Oregon’s unemployment rate dropped to 3.7 percent in December, the lowest on comparable records dating back to 1976. The November unemployment rate was 3.9 percent.
“The latest estimates suggest there are fewer unemployed Oregonians now than at any point since 1976, when comparable records begin. That’s especially striking considering Oregon’s labor force is twice as large as it was 44 years ago,” said Nick Beleiciks, Systems and Economic Analysis manager at the Oregon Employment Department.
In December, many of Oregon’s workforce metrics set records, indicating an increasingly tight labor market. The number of people who were unemployed for less than half a year dropped to the lowest level in at least 18 years. The number of people who were unemployed due to a layoff also dropped to the lowest level in the past two decades. The broadest measure of labor underutilization, called “U-6”, came in at the lowest on records dating back nearly two decades. This measure includes the unemployed, plus those who want a full-time job but who were working part-time due to the economy.
Total nonfarm payroll employment grew by 800 jobs in December, following a gain of 3,800 jobs, as revised, in November. December gains were strongest in leisure and hospitality (+2,000 jobs). In addition, several industries added between 300 and 500 jobs. Meanwhile, two industries declined by more than 500 jobs: health care and social assistance (-900 jobs) and professional and business services (-1,600 jobs).
Oregon’s over-the-year job growth of 1.4 percent equaled the U.S. job growth of 1.4 percent. Most of Oregon’s major industries expanded by between 1 percent and 3 percent since December 2018. The fastest growing industries in the past 12 months were private educational services (+1,300 jobs, or 3.6%) and transportation, warehousing, and utilities (+2,100 jobs, or 3.0%). In that time only two industries cut jobs: retail trade (-700 jobs, or -0.3%) and mining and logging (-300 jobs, or -4.2%).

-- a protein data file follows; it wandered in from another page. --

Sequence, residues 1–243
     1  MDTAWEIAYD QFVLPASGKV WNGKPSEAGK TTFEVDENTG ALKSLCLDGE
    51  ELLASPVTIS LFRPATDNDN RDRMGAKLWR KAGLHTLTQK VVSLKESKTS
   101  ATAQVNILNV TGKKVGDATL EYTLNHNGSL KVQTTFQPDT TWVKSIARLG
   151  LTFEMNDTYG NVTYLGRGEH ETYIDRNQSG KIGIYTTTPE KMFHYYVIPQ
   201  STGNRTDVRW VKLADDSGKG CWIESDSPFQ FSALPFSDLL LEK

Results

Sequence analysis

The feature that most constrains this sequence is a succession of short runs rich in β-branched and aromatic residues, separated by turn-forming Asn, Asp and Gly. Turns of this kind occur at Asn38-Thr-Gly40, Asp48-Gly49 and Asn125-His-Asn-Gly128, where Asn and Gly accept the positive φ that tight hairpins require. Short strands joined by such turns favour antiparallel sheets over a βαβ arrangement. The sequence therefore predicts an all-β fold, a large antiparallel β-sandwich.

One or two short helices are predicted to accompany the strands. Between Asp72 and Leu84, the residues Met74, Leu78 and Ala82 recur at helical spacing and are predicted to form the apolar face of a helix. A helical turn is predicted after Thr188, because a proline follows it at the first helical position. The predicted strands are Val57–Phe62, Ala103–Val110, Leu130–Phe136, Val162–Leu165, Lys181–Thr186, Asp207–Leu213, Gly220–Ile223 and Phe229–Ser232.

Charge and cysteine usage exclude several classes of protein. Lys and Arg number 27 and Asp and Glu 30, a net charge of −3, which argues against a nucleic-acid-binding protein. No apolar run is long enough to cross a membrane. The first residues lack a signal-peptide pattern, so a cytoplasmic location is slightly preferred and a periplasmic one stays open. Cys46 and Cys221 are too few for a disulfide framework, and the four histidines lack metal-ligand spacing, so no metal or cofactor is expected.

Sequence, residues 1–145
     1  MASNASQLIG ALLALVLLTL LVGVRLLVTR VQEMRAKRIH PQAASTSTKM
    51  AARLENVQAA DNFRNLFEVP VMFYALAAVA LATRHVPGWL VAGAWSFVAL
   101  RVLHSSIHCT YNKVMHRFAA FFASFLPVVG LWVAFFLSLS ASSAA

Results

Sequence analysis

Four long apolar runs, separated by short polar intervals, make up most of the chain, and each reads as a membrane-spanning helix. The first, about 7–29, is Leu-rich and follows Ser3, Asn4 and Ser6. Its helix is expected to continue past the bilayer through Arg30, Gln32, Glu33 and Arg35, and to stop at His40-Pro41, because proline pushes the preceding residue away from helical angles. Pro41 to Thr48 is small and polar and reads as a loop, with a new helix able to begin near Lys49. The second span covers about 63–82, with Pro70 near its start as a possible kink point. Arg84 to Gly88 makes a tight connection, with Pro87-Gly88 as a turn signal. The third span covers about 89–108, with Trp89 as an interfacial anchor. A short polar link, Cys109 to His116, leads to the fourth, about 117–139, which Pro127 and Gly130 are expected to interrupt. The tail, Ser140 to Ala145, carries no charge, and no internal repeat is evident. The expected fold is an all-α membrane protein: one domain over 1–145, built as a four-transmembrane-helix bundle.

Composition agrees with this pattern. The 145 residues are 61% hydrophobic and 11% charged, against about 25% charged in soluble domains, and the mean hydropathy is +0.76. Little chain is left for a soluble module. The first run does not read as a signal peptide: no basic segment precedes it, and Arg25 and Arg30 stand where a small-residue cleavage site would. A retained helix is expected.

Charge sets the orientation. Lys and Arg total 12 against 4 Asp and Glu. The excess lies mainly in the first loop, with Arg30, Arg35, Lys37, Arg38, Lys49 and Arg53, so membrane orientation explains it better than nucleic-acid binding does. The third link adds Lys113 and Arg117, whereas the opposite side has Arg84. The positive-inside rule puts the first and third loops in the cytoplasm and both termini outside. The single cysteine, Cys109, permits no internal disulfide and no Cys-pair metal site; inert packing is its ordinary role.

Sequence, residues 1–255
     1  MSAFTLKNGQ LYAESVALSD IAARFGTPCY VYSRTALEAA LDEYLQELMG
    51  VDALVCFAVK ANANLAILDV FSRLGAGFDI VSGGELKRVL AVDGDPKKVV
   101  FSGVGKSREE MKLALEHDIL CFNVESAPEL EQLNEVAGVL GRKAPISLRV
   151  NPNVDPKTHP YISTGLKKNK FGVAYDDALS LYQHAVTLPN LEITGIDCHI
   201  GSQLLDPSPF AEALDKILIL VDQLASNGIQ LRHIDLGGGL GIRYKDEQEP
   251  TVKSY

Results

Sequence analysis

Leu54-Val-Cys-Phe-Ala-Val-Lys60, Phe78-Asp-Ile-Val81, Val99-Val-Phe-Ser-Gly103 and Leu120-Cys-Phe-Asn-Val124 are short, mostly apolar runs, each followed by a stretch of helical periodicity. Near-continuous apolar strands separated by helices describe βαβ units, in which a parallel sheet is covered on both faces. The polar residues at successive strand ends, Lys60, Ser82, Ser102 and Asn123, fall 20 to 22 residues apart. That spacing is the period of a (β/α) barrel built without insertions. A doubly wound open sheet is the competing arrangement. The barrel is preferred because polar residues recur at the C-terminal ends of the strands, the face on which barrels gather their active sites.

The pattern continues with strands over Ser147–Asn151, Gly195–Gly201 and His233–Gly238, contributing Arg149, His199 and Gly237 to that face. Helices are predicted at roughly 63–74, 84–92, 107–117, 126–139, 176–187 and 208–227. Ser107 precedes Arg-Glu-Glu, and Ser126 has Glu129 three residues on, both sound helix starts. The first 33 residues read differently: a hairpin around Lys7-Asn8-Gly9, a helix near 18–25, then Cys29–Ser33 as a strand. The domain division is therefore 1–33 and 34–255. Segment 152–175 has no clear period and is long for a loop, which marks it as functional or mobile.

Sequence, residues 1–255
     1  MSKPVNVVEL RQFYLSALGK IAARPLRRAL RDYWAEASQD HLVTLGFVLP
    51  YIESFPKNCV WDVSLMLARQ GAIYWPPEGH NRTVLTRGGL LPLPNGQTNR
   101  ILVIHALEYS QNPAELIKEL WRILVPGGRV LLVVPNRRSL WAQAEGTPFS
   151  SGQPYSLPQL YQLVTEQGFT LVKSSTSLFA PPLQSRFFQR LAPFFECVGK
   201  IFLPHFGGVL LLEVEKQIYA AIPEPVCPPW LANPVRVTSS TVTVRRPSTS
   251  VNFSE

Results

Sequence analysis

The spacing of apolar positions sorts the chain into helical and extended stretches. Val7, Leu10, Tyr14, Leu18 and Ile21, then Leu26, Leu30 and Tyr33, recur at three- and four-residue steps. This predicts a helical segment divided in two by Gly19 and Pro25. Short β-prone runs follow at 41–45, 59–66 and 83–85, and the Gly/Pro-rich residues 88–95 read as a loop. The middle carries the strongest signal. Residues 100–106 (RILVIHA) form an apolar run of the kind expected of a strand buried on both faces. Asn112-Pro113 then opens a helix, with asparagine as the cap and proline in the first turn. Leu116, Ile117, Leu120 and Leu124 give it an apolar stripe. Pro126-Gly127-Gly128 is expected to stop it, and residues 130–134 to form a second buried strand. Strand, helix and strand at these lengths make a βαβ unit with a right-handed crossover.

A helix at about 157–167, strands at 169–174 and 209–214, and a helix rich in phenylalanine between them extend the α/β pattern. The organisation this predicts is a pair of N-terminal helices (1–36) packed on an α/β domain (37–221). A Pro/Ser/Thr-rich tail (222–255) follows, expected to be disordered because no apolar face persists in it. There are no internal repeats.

Next Press Releases
The Oregon Employment Department plans to release the December county and metropolitan area unemployment rates on Tuesday, January 28th, and the next statewide unemployment rate and employment survey data for January on Tuesday, March 3rd. At the time of the March 3rd press release all of the statewide employment and unemployment data will be revised for at least the prior two years. This is a normal part of the annual processing and revisions to these data.
All numbers in the above narrative are seasonally adjusted, except for Mr. Beleiciks’s quote which is referring to the not seasonally adjusted unemployed.
The Oregon Employment Department and the U.S. Bureau of Labor Statistics (BLS) work cooperatively to develop and publish monthly Oregon payroll employment and labor force data. The estimates of monthly job gains and losses are based on a survey of businesses. The estimates of unemployment are based on a survey of households and other sources.
The Oregon Employment Department publishes payroll employment estimates that are revised quarterly by using employment counts from employer unemployment insurance tax records. All department publications use this Official Oregon Series data unless noted otherwise. This month’s release incorporates the April, May, and June 2019 tax records data. The department continues to make the original nonfarm payroll employment series available; these data are produced by the BLS.
The PDF version of the news release, including tables and graphs, can be found at www.QualityInfo.org/press-release. To obtain the data in other formats such as in Excel, visit www.QualityInfo.org, then within the top banner, select Economic Data, then choose LAUS or CES. To request the press release as a Word document, contact the person shown at the top of this press release.
For help finding jobs and training resources, visit one of the state’s WorkSource Oregon centers or go to: www.WorkSourceOregon.org.
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